Trandate

THE SAFETY OF LABETALOL HYDROCHLORIDE DURING PREGNANCY OR BREASTFEEDING

The information provided below is for readers based in the United States of America. Readers outside of the United States of America should seek the information from local sources.

THIS MEDICATION CAN CAUSE HARM TO YOUR BABY:

Studies suggest labetalol hydrochloride use for high blood pressure during pregnancy poses a low risk of harm to the developing baby. However, labetalol hydrochloride exposure near delivery can cause slowed heart rate, respiratory depression, low blood sugar, or low blood pressure in newborns. Breastfeeding infants exposed to labetalol hydrochloride through the mother’s breast milk can develop a slowed heart rate or low blood sugar. Caution is advised when using this medication while nursing an infant.

What is labetalol hydrochloride?

Labetalol hydrochloride is a medication that is taken to treat high blood pressure (hypertension). It is currently available as a generic or brand name medication. Brand names of labetalol hydrochloride include Trandate™ or Normodyne™. Labetalol hydrochloride is available as an oral tablet or an intravenous solution. Oral tablets are used to treat chronic high blood pressure and are taken once or twice daily. Intravenous solution is administered for acute high blood pressure and is dosed based on body weight in children. Intravenous labetalol hydrochloride is either administered in one dose or continuously infused. Labetalol hydrochloride is available by prescription from your doctor.

What is labetalol hydrochloride used to treat?

Labetalol hydrochloride is used to treat acute (short episode) or chronic (continuing) high blood pressure in children, adolescents, and adults. Off-label uses of this medication include chronic high blood pressure during pregnancy and high blood pressure after a stroke. Several types of high blood pressure can affect pregnant women including preeclampsia/eclampsia. Preeclampsia is characterized by high blood pressure during pregnancy and the presence of proteins in the urine.

How does labetalol hydrochloride work?

Labetalol hydrochloride works by decreasing the activity and effects of certain chemicals in the brain (epinephrine and norepinephrine), causing a slowed heart rate and decreased blood pressure.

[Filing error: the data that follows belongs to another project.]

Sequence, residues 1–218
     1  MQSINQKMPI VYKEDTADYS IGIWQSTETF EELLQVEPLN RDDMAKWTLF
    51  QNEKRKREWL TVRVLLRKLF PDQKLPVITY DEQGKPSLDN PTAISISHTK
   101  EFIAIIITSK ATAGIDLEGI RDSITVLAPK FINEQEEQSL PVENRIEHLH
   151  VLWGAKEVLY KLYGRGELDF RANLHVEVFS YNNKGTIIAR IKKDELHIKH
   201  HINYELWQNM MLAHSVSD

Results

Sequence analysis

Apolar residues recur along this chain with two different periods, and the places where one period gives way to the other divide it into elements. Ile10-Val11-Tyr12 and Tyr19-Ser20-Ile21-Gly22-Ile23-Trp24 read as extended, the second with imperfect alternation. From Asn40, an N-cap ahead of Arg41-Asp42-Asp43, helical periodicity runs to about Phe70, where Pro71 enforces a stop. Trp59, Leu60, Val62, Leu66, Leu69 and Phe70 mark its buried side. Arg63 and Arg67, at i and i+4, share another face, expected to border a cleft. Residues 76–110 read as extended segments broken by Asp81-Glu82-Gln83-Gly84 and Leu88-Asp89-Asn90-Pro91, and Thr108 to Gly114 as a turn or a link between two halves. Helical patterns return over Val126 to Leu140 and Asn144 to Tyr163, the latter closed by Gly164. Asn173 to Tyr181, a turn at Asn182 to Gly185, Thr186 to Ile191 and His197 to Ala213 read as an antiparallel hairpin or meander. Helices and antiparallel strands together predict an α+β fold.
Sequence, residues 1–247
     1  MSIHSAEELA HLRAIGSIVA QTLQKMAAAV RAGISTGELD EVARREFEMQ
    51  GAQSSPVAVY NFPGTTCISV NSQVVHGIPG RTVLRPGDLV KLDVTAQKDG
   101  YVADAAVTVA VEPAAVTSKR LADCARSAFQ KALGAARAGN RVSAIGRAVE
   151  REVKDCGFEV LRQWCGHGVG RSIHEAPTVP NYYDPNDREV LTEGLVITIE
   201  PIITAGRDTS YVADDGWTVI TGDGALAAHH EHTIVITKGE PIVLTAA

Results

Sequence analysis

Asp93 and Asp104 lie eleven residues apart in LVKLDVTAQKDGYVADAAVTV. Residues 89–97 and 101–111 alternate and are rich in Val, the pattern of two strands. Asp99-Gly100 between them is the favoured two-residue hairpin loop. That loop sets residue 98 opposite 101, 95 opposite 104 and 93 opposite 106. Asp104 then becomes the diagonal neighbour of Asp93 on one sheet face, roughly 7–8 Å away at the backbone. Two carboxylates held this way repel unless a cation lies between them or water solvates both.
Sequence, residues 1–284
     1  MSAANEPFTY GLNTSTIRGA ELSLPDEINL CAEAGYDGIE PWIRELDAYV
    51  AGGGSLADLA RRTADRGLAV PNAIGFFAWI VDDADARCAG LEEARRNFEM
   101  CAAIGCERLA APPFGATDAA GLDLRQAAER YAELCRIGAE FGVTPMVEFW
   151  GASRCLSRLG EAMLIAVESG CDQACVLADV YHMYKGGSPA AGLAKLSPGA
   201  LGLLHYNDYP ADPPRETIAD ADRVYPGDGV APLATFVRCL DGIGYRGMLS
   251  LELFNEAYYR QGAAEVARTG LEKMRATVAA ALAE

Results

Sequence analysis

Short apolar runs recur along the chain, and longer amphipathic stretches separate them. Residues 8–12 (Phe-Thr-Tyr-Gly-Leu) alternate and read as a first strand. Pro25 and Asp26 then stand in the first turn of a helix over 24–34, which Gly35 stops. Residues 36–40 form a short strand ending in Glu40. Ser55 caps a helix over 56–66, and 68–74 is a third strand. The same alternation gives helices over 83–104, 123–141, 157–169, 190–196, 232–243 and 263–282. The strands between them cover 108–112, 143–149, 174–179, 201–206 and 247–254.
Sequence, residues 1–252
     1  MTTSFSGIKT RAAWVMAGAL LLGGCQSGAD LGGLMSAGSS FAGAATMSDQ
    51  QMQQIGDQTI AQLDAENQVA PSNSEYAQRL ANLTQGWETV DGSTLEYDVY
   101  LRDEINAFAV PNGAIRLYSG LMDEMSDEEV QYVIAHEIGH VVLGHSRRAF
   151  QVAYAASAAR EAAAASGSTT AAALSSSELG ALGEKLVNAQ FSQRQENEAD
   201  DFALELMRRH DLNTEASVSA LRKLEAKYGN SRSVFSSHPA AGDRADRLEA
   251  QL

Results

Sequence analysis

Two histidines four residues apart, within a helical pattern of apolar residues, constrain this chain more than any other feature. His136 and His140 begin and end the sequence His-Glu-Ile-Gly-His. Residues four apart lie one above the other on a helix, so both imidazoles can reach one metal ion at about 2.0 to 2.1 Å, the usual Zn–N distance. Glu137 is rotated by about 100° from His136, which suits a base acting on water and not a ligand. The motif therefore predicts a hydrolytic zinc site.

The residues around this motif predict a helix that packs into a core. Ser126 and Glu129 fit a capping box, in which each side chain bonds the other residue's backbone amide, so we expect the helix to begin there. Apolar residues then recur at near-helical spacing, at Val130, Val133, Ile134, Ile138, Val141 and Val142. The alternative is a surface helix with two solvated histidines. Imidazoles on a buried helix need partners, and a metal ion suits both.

If I am using labetalol hydrochloride, can it harm my baby?

Available studies suggest labetalol hydrochloride poses minimal risk to the developing baby except during the first trimester of pregnancy. Untreated high blood pressure or preeclampsia during pregnancy can cause harm to both mother and baby. Severe maternal high blood pressure may be a more appropriate reason to use labetalol hydrochloride during pregnancy compared to mild or moderate high blood pressure. Labetalol hydrochloride use near delivery requires 1-2 days of monitoring the baby for signs of slowed heart rate, respiratory distress, poor growth, or low blood pressure. It is recommended to weigh the benefits to the mother against the risks to the baby before using this medication for maternal high blood pressure. 

Evidence from animal studies with labetalol hydrochloride:

Animal studies have not shown a risk of harm to the offspring with labetalol hydrochloride exposure during pregnancy. When given orally to pregnant rats and rabbits at doses 6 and 4 times the maximum recommended human dose, there was no harm to the babies reported. However, doses similar to the maximum recommended human dose caused embryo loss or decreased weight of the babies in pregnant rats and rabbits. Intravenous doses 1.7 times the maximum recommended human dose in rabbits caused no harm to the babies.  

Evidence for the risks of labetalol hydrochloride in human babies: